Not to mention the 14nm Coffee Lake processor was presented, but Intel seems to have exposed another 10nm Ice Lake upstream processor to its official website which is said to be staying digadang as one of the successor to the 8th generation Intel Core processor.
Although not explicitly details the existence of the processor, but Intel has confirmed that the new processor that displays the 10nm + process is claimed as the successor to the family of Intel Core generation generation to 8. The most important thing in this case, Intel reportedly also has confirmed that the processor is a “substitute” For an eighth generation product, and not a “successor”.
The eighth generation chip, better known as Coffee Lake, will soon be released and marketed. The presence of Coffee Lake itself is thought to be seen as a response to the presence of AMD Ryzen processors who desire to bounce back to offer more core for the Desktop market.
Intel will announce the new 8th generation Coffee Lake processor, built on the 14nm ++ process, on 21 August to coincide with the total solar eclipse. The eighth generation product is arguably the latest indication of Intel’s gait into an extended ‘optimization’ period with each process node, with the implementation of three iterations of the process that extend Moore’s Law (such as 14nm, 14nm + and 14nm ++ generation).
Ice Lake itself will feature a 10nm + processor, while the Cannon Lake processor will feature the first iteration of the 10nm process. Thus the next two new Intel processors are also referred to as equally “successor” eighth generation processor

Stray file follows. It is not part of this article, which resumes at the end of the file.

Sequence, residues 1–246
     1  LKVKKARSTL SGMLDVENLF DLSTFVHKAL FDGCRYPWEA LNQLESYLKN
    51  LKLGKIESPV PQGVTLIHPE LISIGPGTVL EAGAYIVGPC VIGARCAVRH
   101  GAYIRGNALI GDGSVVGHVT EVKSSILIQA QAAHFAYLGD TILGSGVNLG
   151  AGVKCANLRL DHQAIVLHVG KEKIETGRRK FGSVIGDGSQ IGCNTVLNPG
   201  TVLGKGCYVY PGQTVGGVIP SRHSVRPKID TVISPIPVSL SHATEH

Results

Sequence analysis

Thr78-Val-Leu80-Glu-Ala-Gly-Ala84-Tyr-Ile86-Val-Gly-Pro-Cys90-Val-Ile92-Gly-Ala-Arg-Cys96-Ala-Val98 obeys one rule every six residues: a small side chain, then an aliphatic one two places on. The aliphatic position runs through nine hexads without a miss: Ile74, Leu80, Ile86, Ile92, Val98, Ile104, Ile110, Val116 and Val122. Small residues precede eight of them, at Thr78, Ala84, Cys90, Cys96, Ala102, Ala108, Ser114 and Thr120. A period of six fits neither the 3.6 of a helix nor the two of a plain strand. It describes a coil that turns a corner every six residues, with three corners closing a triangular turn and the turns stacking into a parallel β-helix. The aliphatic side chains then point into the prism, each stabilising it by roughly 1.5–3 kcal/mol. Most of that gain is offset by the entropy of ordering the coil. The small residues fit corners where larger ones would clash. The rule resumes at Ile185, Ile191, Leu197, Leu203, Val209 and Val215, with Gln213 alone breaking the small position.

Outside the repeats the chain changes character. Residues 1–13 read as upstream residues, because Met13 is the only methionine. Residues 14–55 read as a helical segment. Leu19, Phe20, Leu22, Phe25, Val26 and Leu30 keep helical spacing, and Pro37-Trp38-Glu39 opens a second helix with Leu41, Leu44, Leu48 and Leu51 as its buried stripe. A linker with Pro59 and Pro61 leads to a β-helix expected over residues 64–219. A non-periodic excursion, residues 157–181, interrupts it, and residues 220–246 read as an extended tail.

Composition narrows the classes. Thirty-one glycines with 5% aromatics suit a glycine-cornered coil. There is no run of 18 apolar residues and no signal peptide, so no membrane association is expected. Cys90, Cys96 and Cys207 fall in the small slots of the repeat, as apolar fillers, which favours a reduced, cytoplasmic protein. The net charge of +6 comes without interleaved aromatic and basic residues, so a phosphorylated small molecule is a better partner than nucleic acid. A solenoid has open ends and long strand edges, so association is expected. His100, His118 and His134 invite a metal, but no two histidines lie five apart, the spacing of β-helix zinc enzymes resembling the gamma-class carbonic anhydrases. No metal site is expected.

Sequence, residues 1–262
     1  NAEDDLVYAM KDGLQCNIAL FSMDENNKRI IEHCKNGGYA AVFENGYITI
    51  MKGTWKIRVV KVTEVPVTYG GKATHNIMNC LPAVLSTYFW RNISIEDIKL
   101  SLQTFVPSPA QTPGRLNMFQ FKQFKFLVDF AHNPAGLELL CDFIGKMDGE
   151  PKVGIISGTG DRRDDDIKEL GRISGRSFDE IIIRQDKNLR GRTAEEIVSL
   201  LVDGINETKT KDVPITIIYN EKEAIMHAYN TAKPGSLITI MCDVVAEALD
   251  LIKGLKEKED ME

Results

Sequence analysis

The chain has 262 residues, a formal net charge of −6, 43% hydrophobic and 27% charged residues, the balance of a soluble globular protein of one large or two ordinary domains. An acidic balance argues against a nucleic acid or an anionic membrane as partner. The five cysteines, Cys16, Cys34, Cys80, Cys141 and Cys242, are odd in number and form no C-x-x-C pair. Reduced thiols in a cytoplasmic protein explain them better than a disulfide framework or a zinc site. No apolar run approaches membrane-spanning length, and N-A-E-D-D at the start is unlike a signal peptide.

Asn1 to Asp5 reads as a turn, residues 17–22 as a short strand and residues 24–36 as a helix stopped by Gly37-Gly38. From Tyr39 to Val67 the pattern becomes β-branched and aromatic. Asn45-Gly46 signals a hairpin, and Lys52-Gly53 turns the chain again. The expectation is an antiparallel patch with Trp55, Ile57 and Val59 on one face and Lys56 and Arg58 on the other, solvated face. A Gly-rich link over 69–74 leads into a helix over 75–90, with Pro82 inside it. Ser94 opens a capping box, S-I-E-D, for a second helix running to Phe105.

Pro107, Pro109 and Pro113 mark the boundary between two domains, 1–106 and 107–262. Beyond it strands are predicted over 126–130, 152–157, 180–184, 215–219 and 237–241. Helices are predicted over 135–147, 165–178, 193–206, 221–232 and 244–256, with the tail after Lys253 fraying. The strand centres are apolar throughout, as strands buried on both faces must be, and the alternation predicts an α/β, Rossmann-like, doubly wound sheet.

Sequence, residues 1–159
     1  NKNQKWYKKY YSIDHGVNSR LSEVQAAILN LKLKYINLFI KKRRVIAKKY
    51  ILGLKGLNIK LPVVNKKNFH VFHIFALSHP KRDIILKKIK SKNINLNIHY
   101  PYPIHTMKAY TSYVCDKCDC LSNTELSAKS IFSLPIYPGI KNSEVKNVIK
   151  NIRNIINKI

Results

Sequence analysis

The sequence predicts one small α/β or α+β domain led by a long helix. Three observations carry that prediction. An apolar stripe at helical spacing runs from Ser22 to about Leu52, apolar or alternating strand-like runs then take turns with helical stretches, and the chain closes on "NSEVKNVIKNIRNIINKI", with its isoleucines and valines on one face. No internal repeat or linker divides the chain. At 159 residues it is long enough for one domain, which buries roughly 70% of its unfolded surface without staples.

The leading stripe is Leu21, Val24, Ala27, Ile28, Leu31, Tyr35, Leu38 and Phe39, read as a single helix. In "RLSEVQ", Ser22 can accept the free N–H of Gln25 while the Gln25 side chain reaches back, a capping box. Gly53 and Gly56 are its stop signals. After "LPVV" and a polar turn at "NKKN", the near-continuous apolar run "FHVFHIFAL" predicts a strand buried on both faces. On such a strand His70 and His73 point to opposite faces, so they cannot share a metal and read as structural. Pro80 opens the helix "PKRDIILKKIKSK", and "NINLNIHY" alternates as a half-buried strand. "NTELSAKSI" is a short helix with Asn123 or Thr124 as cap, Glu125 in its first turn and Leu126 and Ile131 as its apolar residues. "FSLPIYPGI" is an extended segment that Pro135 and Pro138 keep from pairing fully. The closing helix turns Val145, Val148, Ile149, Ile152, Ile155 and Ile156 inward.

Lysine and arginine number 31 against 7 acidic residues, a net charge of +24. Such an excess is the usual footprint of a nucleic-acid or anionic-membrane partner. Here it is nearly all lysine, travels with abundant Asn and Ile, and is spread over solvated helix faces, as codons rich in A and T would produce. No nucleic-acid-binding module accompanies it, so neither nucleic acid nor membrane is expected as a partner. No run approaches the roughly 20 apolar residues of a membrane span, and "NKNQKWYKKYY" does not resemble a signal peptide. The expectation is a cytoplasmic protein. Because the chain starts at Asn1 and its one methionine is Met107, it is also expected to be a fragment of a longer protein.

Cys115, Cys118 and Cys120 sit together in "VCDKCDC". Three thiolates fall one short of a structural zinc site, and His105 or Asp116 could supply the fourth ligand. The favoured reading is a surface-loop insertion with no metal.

The same strategy will continue into Intel’s 10nm process as well, but Intel has also announced earlier this year during its manufacturing day that the new processor can feature multiple components with various process nodes. This tactic utilizes economies of scale and other benefits of existing processes to build multiple components, such as uncore, with older and more established nodes. That way the Ice Lake processor will have 10nm + technology, as well as other component features made with various lithography.
Meanwhile, Intel has also reportedly been touting its new Data Center First strategy during its manufacturing day. Intel looks slowly but will certainly shift from traditional practices to start new processes and architectures with mainstream processors, rather than choosing to bring new designs to the ranks of the data center first.
Reflecting on both of these things, Ice Lake probably will go to the data center first, and then followed to the desktop. Yes at least that can explain the existence of the two successors to the eighth processor.